Has time stood still for Saarc?South Asian entrepreneurs have called on the governments of Saarc member countries to stay away from political meddling and reconcile their visions to expedite the process of regional integration.
South Asian entrepreneurs have called on the governments of Saarc member countries to stay away from political meddling and reconcile their visions to expedite the process of regional integration.
South Asian countries had formed the South Asian Association for Regional Cooperation (Saarc) in 1985 to promote economic development and deepen regional cooperation and integration. But this group of eight countries has not been able to collaborate effectively to solve various regional problems like other blocs.
The Saarc, for example, has not even held its biannual summit since 2014. The summit, which is attended by heads of state or government, was supposed to take place in Pakistan in 2016, but it was called off after India unilaterally decided to skip the event citing an attack at its army base in Uri of Jammu and Kashmir.
“The politics in the region is holding all of us back,” Suraj Vaidya, president of the Saarc Chamber of Commerce and Industry, told Growth, Innovation and Leadership (GIL) South Asia Summit organised by Frost & Sullivan in Kathmandu on Thursday.
Over the years, the Saarc has made various attempts to deepen regional integration. It has implemented free trade agreement and has formed various institutions and bodies like development fund, food bank and arbitration council. “But these institutions and bodies have not been empowered,” said Zubair Ahmed Malik, executive committee member of the Saarc Chamber of Commerce and Industry. “This is because of narrow nationalism and mutual distrust, which have prevented South Asia from moving towards full regional integration.”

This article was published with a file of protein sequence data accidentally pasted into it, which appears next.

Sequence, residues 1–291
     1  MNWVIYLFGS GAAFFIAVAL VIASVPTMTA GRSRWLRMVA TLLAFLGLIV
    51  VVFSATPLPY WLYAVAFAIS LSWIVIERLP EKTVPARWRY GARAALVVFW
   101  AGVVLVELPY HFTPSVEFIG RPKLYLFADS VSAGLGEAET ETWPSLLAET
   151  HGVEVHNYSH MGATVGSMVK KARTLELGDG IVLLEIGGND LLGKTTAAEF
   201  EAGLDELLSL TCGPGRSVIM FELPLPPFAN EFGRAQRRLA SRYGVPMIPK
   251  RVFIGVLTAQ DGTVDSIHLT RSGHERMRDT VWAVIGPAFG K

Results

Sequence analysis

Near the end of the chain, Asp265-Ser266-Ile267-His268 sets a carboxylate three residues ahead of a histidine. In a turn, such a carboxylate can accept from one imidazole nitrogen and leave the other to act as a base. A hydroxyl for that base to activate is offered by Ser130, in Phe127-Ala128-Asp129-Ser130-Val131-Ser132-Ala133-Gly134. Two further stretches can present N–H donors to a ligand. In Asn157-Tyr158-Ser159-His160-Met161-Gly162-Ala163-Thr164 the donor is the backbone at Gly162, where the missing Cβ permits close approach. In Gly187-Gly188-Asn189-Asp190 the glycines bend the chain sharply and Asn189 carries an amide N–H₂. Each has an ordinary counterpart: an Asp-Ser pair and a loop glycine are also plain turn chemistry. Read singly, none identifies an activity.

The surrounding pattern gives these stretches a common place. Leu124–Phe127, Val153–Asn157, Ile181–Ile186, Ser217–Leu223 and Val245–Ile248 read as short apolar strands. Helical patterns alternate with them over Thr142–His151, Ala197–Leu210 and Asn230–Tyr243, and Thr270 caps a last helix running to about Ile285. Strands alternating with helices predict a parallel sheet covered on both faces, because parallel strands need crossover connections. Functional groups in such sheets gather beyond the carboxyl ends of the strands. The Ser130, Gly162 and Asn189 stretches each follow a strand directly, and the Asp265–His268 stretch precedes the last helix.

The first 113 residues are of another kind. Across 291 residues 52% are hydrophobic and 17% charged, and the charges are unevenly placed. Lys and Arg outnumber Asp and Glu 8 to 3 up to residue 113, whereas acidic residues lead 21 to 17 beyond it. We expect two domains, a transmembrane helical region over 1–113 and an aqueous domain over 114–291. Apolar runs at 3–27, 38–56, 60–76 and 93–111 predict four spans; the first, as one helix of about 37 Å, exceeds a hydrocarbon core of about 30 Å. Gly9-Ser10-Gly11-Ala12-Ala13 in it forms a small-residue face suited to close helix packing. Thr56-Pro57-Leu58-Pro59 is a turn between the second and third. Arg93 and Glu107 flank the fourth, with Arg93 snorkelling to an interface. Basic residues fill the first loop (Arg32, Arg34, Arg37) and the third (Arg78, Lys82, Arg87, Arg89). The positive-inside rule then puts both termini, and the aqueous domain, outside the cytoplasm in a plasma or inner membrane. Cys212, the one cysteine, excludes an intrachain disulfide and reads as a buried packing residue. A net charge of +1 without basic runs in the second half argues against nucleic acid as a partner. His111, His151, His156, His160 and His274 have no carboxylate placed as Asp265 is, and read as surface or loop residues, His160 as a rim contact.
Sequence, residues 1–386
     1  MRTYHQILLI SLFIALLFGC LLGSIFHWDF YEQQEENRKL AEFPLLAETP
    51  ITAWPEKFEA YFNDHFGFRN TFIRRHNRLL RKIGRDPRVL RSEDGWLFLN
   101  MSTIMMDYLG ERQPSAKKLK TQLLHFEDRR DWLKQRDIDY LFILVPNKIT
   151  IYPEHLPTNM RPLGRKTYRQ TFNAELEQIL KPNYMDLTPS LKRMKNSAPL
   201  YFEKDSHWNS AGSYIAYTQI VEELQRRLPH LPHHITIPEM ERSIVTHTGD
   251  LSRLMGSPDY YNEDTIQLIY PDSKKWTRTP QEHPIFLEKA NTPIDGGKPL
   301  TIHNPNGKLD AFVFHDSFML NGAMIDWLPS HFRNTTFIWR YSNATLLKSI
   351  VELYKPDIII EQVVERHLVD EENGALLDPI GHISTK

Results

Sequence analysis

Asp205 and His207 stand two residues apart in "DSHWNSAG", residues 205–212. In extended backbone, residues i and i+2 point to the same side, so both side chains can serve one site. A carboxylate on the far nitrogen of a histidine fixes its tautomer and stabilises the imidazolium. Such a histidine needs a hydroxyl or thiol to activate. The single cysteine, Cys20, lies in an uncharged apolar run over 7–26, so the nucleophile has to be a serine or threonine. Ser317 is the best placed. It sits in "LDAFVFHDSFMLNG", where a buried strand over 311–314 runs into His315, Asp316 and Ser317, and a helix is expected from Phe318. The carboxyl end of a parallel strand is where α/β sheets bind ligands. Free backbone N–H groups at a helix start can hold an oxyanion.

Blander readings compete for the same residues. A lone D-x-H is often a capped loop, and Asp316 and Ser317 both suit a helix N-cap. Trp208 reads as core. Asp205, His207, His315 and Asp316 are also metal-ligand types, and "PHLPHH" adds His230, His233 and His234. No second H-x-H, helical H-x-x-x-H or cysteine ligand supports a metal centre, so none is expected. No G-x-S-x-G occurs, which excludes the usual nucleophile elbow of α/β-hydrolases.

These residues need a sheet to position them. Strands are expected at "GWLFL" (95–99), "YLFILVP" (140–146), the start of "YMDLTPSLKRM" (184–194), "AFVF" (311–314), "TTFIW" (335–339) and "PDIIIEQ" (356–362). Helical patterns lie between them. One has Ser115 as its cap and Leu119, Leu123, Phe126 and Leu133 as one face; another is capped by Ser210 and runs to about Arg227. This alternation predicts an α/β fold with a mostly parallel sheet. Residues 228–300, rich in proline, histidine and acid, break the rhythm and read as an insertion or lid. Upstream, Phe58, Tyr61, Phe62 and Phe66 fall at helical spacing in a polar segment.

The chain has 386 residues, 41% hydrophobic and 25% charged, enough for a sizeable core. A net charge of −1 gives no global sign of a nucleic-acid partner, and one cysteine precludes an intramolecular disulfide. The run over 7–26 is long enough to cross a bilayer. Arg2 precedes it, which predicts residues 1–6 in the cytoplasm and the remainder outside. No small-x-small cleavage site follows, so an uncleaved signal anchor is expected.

The overarching goal of full regional integration is to create a common marketplace where people can live in peace and become prosperous. But no progress has been made on this front since the concept of deepening integration was floated in 1985.
For example, the volume of trade among Saarc member countries currently stands at 7 percent of the total trade in South Asia, up from 5.6 percent in 2006 when South Asian Free Trade Agreement was enforced.The slow growth of intra-regional trade is the result of high transportation cost, lack of proper physical infrastructure, cumbersome regulatory requirement, poor communication linkages and presence of non-tariff barriers, according to experts. These hurdles have made it easier for Sri Lanka to trade with Brazil today than with its regional partner, Nepal, studies have shown.
“It is time governments and the private sector of Saarc member countries put their heads together to sort these issues out,” said Dasho Ugen Tsechup Dorji, former president of the Saarc Chamber of Commerce and Industry. While it appears time has stood still for the Saarc in terms of deepening integration, there are those who are bullish about prospects of the region.
One of them is Nirvana Chaudhary, managing director of CG Corp Global. “Our businesses in South Asia have been growing by over 20 percent per year since 2000,” said one of the heirs of Nepal-based Chaudhary Group, which has a net worth of $2.5 billion and has interests in around 122 companies in over five continents.
One of the reasons for the growth, according to Chaudhary, is near uniformity in consumer behaviour. “That’s why we see South Asia as a larger country or territory,” he said. Yet Chaudhary acknowledged that risks are quite high in South Asia. “But so are returns,” he said, adding, “We are still gung-ho and optimistic about South Asia.”